Explore Lab 24

La Petite Ceinture: reanimating the urban fringe

La Petite Ceinture: reanimating the urban fringe

Coen van Bergeijk

Just inside the city of Paris lays a derelict train track, hidden and forgotten, called “La Petite Ceinture”, the little belt. This belt of abandonment forms a ring through the outer arrondissements and connects these utterly different worlds through a place of continuity. It forms a connection between the shabby areas of the 19th arrondissement with the fancy old ladies in the 16th and mingles the posh families of the 14th with the hipsters in the 20th.

It was built in the 1850’s, but finally stopped functioning as a public transport in the 30’s with the emerging of the metro and by the 1990’s it was abandoned for good. Its tracks traverse the city on high bridges and within deep trenches, through green islands and dark tunnels. Now some of its former stations found new destinations, while others are left to insubordination and the forces of nature. The tracks and tunnels now form a welcome hub of lawlessness, drawing in graffiti artists, vagabonds, urban explorers and mischievous kids, eager to escape the control of the city.

To guide development, but without skipping the natural order of abandonment and regeneration, I focus on the in-between state. To achieve this, I intend to create a dynamic experience and design a certain amount of interventions along the tracks, that form a dialogue between the city and the line. These breadcrumbs guide the wanderer along the tracks and frame the beauty of the passing time and the surrounding decay. This way I can restore not only the physical ring, but reanimate the immaterial presence of “la Petite Ceinture” in the minds of the Parisians.

Redeveloping agricultural heritage in central Italy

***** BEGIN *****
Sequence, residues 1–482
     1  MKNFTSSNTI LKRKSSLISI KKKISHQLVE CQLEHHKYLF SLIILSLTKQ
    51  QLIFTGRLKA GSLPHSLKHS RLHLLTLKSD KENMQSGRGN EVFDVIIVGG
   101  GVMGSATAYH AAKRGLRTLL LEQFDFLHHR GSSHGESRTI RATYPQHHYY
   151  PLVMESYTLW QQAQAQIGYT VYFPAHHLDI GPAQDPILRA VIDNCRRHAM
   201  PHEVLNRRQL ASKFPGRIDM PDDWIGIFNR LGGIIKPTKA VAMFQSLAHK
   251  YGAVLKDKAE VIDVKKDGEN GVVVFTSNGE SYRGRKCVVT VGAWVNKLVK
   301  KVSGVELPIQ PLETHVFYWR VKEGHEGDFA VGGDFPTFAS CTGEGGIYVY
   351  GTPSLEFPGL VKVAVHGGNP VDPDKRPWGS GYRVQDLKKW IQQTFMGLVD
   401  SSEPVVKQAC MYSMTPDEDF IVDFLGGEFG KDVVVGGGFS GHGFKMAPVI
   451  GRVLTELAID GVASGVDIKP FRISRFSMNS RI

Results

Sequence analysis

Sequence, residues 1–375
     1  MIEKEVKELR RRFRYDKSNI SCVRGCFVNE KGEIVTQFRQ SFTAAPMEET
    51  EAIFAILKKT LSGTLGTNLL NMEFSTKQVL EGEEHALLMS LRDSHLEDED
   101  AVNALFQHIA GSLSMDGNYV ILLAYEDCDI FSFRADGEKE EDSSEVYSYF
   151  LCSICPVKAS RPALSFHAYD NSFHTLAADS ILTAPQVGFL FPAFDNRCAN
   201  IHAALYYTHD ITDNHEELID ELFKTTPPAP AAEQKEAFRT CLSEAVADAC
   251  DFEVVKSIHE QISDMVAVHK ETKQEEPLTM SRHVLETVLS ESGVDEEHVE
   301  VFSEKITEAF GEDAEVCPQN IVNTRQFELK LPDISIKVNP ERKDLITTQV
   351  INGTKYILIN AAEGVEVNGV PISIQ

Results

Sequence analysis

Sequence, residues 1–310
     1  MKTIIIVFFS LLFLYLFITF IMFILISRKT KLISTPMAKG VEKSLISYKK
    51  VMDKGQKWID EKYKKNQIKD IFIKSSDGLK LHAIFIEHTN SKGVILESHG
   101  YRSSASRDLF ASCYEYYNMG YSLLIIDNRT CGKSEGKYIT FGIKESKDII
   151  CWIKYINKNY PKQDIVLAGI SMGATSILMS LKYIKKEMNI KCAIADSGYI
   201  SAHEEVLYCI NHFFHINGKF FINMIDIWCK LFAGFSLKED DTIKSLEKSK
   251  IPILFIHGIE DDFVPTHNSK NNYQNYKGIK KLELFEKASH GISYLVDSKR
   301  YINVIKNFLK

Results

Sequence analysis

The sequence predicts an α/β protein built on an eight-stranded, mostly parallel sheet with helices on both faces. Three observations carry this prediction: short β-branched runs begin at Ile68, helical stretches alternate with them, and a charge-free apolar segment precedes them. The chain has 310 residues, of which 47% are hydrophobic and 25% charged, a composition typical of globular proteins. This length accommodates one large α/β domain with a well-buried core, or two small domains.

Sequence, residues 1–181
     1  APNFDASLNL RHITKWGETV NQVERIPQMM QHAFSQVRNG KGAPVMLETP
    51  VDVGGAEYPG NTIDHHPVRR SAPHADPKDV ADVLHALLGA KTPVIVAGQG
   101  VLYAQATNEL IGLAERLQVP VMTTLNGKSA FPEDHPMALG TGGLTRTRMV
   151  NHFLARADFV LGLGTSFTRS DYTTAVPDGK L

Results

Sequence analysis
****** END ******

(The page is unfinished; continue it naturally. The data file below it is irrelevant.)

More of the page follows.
Redeveloping agricultural heritage in central Italy

André van Deursen

Central Italy is famous for its iconic hillside agricultural landscape. This view of hills with scattered farmhouses is unfortunately in trouble. Since the latest agricultural tradition of the ‘mezzadria’ was left from the 1970’s on, a large agricultural building stock became vacant and started to decay. Some buildings were saved by redesigning them into holiday housing but many are not that lucky. Tuscany is a very successful region in redeveloping the agricultural estates in new cooperatives and the remaining buildings are easily transformed into holiday houses, agriturismi and Bed&Breakfasts. Regions like Umbria however, are staying at the lower end of these developments.

In this project I take the situation at the Principality of Parrano in Umbria as casestudy. The agricultural tradition in this region goes back to the Etruscans that arrived here around 800 BC. Centuries long, the agricultural practice here was based on the mezzadria sharecropping contracts but since the second half of the twentieth century the production came to a halt caused by the illegalization of the mezzadria in 1982.

My intention is to develop a new strategy for this agricultural estate in Parrano to make it functional and profitable again, based on the longstanding local agricultural tradition and cultural heritage of the buildings and landscape. Hereby the aim is to make the local agricultural economy self-sufficient and independent of tourism, which will be considered as secondary income.The introduction of new farming-types like solar- and ICT farming will be implemented to evolve the Principality of Parrano towards a sustainable future.

The project will be developed further into a new architectural design for one of the vacant buildings: Podere Bovorosso. Heritage will be the starting point from which the aim is to design and develop a profitable and sustainable future for this specific farm.